Introduction: Event-Driven Programming in FTC
This year, our team has done a great deal of work with event-driven software development for our robot. These programs have allowed the team to accurately develop autonomous programs and even repeatable tele-op events. As the software work it calls for is complex, we decided to share the knowledge we've gained on developing event-driven code for FTC robots.
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Step 1: What Is Event-Driven Programming?
In general terms, event-driven programming, according to Techopedia, is the development of programs that respond to user input. In this sense, many programs are considered event-driven, including a team's tele-op program, which relies on inputs from a human-ran controller to conduct any action. However, in terms of the work that our team has been doing, event-driven programming is about creating software from various inputs; in other words, we document events based on the inputs of controllers and sensors, then we can queue these events and use the file to rerun the recorded event.
This method of developing programs for our robot has several advantages:
- It allows us to create accurate autonomous programs. Since we are creating the software in real-time while undergoing the event, the sensor values collected and used will be very accurate, as they come directly from the original event.
- It allows us to create autonomous programs quickly. Making autonomous programs is as simple as recording a series of events and adjusting the event as necessary.
- It allows us to create automatic processes for tele-op. For repeated actions in tele-op, event-driven programming allows for us to record these actions and assign the event to a button during the driver-controlled periods of matches. These automated events can be influenced by sensors to allow for their accurate execution.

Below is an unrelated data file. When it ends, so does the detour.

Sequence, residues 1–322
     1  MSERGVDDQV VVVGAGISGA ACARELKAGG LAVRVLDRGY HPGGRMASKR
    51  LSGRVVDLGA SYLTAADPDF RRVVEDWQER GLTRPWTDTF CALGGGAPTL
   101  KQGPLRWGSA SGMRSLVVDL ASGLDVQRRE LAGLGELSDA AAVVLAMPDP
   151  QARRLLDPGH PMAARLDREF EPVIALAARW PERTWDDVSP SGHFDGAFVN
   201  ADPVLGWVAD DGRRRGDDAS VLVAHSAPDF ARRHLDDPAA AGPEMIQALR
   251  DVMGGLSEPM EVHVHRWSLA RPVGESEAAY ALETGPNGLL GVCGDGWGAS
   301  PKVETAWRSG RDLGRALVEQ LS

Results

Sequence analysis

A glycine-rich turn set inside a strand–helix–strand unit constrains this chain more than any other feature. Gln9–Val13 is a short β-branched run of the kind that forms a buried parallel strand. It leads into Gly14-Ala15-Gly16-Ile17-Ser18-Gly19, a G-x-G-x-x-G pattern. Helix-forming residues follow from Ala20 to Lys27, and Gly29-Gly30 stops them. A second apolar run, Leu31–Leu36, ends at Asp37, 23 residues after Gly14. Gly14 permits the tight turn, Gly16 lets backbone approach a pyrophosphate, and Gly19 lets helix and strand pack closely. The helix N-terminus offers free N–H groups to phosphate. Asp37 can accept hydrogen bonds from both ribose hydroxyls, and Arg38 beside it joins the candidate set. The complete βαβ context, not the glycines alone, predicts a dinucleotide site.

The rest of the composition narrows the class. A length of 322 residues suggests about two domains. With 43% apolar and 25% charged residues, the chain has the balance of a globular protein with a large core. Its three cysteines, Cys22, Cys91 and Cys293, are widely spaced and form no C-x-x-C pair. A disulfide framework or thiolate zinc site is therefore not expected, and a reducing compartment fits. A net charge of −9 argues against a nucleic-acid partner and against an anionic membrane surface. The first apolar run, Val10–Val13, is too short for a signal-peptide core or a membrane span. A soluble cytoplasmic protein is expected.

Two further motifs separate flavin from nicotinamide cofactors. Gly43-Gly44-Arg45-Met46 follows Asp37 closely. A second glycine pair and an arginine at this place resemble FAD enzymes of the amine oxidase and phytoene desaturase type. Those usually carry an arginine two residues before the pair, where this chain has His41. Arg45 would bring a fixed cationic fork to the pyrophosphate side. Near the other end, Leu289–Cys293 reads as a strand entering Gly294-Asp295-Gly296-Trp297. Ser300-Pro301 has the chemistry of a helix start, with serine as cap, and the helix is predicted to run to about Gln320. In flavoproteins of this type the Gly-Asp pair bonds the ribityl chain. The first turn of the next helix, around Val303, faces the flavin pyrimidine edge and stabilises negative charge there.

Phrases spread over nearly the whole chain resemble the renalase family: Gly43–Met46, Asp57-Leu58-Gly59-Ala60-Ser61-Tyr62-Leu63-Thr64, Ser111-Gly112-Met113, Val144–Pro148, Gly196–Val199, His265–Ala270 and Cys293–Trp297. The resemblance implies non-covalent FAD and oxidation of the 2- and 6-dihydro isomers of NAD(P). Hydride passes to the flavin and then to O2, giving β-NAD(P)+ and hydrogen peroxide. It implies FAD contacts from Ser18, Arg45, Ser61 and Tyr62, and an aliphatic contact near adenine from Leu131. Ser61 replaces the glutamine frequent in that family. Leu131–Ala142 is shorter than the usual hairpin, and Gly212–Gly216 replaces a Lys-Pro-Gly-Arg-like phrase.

Step 2: Logic Flow of Event-Driven Programming
The following depicts the logical flow of an event-driven program: red depicts the creation of an event, and blue depicts the calling of the event. For creating an event, a sequence of inputs is taken in through robot action and recorded as events; these events are written to a file. For calling an event, that file is read, and the inputs are sent to an event processor to turn the file code into robot action.
Step 3: Event Creator
Event creators are used to document actions or “events” based on a variety of sensors and buttons. As the robot does actions on the field, an event creator class is creating events for each one of those actions in parallel, referencing the event classified in an event class. After being created, the event is put in a queue of events in the events class: the first event takes the top spot, then the second event takes the top spot and pushes down any events under it, and this continues until the program stops. When the program is stopped, the events go out to a human-readable format file, such as a JSON file. This file can be used to better improve autonomous routines.
The example code above sets up the parameters for the event, which in this case is a turn using an IMU sensor. We then queue the event into the event queue. Finally, we truncate the event, which is essentially resetting the event so that we can use it to queue future events.
Step 4: Event Processor
Event classes take the human-readable file produced in the event creator class and does whatever each event queued tells it to do by calling methods outlined in an event processor class. The event processor class then tells the robot what event to replay. Whether it is a simple "drive forward" event or a complex event full of distances, turns, and strafes, the processor will replay any event given to it. This process is very useful during autonomous, since a team can record sensors and Tele-Op actions before to match, then simply replay the events in autonomous. This process is called Memory Replay. This allows an autonomous program to be 100% configurable through a single file. Once the event creator and processor is established, a team can simply change out autonomous routines through the human-readable file.
The example above first starts by checking the JSON file for an event, and then checking that event using a case statement to see what kind of event it is, in this case a turn using an IMU sensor. Once it can tell that it is a turn using the IMU event, it then deals with processing the event, which usually involves running the code that the event came from using variables from the event, passed in to replicate the event that was done before.